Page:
A blow for Democrats and perhaps a lucky break for Republicans, who could use a couple in the long-shot effort to get ObamaCare repeal through the Senate. Earlier today, as I noted in this post, Democratic leadership demanded that the Congressional Budget Office do a thorough review of the Graham-Cassidy repeal-and-replace bill, which sounds reasonable — and would be, if not for an upcoming deadline:
JUST IN: Pelosi, Schumer, Yarmuth, Sanders release statement asking Congressional Budget Office to assess Graham-Cassidy legislation pic.twitter.com/nBYbL8XlAq
— NBC Politics (@NBCPolitics) September 18, 2017
This afternoon, the CBO rejected that request. Instead, they will deliver a preliminary score without two important talking points that Pelosi Schumer & Co need:
The score will include information on whether the legislation would reduce deficits by at least as much as was estimated for the House repeal bill passed earlier this year. It will also assess if the bill would save at least $1 billion and whether it would increase on-budget deficits in the long term.
But the nonpartisan scorekeeper warned the preliminary score will not include information on how the bill will affect health care coverage or insurance premiums. The CBO said it will be several more weeks before analysts will have those projections.
Democrats knew very well it would take that long, and hoped the CBO would help them run out the clock. If the CBO finds enough of a deficit savings to qualify for reconciliation, the coverage losses and premium impacts will all be pure speculation. (That’s hardly ever stopped anyone from using those arguments, though.) At that point, all Democrats will have left is the sharp reductions in future Medicaid spending increases, which they will call “drastic cuts,” but that’s not going to be enough to rally the troops.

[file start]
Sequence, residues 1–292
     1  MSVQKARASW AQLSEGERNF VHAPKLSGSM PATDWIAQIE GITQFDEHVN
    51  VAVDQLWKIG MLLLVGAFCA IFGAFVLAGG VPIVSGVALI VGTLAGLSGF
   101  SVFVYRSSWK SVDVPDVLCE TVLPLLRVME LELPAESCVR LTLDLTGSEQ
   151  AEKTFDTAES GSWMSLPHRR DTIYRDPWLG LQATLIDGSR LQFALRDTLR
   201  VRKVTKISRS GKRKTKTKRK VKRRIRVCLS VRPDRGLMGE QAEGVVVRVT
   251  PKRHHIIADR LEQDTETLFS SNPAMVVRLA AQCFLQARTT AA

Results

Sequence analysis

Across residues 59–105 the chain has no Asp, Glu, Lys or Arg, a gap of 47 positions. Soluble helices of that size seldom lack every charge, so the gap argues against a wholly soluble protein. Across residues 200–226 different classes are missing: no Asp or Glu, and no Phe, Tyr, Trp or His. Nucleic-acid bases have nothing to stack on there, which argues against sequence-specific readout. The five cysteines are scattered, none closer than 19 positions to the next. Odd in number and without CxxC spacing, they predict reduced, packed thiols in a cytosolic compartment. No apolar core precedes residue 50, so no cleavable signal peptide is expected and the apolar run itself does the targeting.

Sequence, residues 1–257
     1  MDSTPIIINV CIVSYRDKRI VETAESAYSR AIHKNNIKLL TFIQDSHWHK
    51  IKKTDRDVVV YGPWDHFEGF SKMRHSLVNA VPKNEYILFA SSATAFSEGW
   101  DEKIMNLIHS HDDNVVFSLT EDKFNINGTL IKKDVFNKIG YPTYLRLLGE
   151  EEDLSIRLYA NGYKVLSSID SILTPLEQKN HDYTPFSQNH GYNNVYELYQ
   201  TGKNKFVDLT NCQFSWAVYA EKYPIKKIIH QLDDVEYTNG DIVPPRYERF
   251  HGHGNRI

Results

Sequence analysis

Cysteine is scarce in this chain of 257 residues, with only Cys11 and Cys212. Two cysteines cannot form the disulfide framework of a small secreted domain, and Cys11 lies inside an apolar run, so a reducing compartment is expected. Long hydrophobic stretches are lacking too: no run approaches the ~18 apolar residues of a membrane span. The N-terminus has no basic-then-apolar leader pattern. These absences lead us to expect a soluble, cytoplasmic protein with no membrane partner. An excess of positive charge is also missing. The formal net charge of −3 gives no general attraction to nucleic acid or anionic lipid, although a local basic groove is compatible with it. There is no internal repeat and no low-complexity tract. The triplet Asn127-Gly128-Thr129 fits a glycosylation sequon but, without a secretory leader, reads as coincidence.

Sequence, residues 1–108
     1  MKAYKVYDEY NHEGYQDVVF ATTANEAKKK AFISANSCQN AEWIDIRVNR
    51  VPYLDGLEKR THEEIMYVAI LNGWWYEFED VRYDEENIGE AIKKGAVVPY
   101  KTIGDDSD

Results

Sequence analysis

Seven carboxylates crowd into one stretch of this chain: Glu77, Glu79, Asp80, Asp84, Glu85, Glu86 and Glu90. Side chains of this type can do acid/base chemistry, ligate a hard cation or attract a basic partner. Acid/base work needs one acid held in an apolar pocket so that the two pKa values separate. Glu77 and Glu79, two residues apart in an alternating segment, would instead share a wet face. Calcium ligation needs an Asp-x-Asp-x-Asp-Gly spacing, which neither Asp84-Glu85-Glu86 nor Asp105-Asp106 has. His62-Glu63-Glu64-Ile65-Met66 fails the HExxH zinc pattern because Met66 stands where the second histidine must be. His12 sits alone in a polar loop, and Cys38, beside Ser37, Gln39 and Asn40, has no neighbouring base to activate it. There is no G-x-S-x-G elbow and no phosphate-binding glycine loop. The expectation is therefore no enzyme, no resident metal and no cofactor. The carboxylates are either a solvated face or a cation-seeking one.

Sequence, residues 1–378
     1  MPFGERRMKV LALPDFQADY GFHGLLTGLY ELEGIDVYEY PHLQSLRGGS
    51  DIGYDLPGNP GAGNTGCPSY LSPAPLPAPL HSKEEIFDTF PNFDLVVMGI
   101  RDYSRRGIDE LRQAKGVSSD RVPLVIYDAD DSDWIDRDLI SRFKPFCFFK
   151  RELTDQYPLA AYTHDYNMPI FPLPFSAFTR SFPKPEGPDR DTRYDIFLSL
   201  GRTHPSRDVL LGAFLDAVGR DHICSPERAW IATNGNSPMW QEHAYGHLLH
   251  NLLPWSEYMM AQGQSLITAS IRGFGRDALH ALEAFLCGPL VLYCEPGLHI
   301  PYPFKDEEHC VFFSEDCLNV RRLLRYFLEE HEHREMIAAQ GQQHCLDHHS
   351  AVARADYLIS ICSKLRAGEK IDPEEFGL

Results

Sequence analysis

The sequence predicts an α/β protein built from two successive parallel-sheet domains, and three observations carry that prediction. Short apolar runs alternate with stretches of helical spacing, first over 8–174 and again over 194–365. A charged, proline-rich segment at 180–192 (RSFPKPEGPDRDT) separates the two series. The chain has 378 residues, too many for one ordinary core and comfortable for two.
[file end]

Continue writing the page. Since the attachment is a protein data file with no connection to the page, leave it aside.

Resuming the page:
It’s not entirely good news for Republicans on that front, though. Assuming “early next week” means Monday, September 25th, it gives the Senate five days to pass the bill under the House’s bill number and then get the House to pass it by majority vote to synchronize the two bills. By the end of the business day on the 30th, time will run out on the reconciliation vehicle. Unless Paul Ryan and Mitch McConnell start getting the troops in line now, that may be far too short a time frame for this to work — especially since no one will be under the impression that they can go to conference on this bill. If it gets that far, it’s Sydney or the bush, so to speak. And Democrats have already begun to strategize to keep Republicans from reaching Sydney.
Republicans got an important endorsement from Arizona’s Gov. Doug Ducey for Graham-Cassidy. On a previous attempt, John McCain voted no to kill the repeal bill in part because Ducey had expressed opposition to it. McCain today said he’s “not supportive of the bill yet” and still wants regular order on it, but also earlier said Ducey’s judgment would go a long way to cementing his own position on any future repeal bill. That might also matter some to Susan Collins and Lisa Murkowski. They’d better make their minds up fast, and get ready for Democratic attacks on pushing forward without full CBO scoring — as if CBO scores mattered all that much in the past.